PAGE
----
Reach for your Handybook for Genealogist (or you might have the Red Book) and check to see what records are found at the courthouse you will be visiting. Each of these books lists a phone number for the courthouse. Keep the book beside you and make a phone call to the courthouse (this is one time a phone call works better than a letter).

The very first thing to ask is whether the records you want to search are still located at the courthouse. This is extremely important since many courthouses have moved all of their old records (excluding land records) to the state archives. Also, not all courthouse clerks welcome genealogist and a real easy way to insure a genealogist won't show up at the courthouse is to say the records aren't available. If the clerk says the records aren't available - check your Handybook (or Red Book) for the records listed and don't hesitate to tell the courthouse clerk that it's your understanding that such and such records are at the courthouse. If the person on the phone tells you that all the records have been moved to the State Archives, follow up with a call to the Archives "just to make sure".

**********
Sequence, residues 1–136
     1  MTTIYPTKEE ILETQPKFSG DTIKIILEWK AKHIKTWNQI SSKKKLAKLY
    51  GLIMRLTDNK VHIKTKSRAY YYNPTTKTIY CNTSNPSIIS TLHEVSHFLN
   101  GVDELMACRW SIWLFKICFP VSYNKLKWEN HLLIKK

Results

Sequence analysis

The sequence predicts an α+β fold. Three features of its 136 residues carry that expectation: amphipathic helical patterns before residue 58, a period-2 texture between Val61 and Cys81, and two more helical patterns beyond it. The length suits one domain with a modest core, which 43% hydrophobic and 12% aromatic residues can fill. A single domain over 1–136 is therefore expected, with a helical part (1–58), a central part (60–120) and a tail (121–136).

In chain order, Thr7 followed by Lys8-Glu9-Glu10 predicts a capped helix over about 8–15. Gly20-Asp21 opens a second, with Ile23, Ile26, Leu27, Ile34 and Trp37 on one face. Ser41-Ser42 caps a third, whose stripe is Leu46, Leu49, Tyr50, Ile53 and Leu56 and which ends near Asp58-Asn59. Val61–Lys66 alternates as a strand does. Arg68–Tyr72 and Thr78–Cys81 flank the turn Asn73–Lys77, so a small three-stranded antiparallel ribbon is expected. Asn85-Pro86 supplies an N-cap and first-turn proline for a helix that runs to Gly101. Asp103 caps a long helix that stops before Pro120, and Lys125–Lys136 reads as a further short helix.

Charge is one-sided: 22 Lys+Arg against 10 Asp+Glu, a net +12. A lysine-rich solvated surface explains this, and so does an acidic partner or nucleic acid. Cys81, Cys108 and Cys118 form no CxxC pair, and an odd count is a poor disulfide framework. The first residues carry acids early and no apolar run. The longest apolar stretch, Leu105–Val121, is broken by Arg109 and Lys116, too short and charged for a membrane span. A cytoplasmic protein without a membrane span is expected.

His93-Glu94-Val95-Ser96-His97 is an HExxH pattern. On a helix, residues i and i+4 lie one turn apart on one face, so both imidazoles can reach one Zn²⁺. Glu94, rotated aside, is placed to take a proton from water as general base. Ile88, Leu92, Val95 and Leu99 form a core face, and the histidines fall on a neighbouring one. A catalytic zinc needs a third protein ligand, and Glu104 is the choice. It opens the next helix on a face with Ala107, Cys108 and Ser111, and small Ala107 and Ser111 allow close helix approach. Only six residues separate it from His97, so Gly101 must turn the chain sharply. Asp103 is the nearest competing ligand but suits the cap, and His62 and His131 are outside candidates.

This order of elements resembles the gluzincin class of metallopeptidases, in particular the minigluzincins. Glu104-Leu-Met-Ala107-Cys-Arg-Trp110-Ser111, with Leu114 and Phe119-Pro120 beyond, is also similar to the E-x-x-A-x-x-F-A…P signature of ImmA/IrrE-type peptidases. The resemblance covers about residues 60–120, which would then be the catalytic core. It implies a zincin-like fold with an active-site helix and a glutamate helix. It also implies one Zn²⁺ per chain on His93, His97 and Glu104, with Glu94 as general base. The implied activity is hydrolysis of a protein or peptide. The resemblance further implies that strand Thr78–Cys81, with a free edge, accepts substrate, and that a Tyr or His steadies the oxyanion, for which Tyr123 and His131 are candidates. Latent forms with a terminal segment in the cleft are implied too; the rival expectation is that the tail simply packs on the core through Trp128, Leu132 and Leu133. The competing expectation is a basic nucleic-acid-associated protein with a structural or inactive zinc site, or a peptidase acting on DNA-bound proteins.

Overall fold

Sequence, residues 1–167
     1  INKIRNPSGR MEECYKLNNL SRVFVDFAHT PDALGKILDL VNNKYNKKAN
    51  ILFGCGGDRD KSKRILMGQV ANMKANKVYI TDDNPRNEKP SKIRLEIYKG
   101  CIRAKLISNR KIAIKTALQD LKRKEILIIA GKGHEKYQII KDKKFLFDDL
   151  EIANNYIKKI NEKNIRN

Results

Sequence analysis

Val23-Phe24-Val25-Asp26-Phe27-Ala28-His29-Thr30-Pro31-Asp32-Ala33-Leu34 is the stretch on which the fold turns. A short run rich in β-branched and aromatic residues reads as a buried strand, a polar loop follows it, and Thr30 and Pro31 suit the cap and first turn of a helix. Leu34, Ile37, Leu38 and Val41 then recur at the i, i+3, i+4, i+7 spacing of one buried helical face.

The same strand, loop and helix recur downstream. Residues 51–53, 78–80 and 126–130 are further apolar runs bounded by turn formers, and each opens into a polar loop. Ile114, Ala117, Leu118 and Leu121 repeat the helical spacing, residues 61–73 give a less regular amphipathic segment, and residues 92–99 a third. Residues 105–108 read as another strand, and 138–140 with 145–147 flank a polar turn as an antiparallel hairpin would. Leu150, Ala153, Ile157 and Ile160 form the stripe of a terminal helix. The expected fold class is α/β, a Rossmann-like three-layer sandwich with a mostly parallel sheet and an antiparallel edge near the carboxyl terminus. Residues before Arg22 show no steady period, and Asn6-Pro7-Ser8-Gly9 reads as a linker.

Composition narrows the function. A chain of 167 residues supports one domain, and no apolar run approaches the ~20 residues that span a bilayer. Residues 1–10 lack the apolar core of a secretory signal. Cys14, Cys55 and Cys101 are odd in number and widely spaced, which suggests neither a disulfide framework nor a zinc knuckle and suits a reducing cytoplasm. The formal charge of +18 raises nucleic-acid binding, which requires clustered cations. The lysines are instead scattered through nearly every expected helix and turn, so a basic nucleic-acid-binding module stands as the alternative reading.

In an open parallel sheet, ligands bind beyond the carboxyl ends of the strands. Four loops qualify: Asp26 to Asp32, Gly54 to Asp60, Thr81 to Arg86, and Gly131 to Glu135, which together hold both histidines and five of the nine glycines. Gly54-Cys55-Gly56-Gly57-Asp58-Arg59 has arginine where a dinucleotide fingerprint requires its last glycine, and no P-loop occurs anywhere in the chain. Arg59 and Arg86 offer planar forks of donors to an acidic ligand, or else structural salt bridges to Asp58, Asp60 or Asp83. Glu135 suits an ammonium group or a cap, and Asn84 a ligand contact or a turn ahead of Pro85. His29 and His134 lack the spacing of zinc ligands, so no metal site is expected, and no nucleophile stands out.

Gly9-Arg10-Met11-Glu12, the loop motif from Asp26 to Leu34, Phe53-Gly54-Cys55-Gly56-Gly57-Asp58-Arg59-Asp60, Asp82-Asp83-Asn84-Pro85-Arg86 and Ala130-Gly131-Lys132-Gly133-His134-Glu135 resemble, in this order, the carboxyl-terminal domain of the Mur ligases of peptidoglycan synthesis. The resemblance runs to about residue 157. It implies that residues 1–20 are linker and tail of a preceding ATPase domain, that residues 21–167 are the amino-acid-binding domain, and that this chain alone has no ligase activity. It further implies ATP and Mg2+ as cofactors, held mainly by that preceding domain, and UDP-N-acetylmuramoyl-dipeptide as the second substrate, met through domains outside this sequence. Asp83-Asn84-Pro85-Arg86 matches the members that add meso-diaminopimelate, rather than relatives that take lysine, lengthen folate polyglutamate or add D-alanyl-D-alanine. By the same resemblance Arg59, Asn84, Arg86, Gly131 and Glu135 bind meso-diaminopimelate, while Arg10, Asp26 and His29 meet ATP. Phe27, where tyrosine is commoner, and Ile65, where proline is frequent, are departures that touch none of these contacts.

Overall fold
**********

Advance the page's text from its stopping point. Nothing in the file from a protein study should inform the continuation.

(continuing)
There have been times when I have found that old records have been moved to "U-Stor-It" type storage buildings and are not available to anyone for research. But, believe me I spent some time on the phone making sure the information I had been given was correct.

Some states have recently closed their courthouse records to everyone (outside of the legal profession) unless they are a member of the local genealogy society. If this is the case for the courthouse you want to visit then it will be necessary for you to contact the society and become a member.